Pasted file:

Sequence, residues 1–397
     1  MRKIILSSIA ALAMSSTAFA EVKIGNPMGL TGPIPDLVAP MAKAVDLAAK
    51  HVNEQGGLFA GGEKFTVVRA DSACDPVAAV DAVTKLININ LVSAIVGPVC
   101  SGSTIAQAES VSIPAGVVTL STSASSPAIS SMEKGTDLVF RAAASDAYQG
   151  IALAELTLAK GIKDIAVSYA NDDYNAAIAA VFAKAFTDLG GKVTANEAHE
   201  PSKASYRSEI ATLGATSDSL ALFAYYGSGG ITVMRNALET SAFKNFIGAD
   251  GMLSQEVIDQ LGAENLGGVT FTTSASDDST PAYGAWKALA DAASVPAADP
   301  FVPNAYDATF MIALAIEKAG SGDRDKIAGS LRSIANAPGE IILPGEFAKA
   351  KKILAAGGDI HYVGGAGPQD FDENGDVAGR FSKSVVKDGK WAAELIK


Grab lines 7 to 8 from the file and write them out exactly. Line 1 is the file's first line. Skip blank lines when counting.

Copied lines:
   251  GMLSQEVIDQ LGAENLGGVT FTTSASDDST PAYGAWKALA DAASVPAADP
   301  FVPNAYDATF MIALAIEKAG SGDRDKIAGS LRSIANAPGE IILPGEFAKA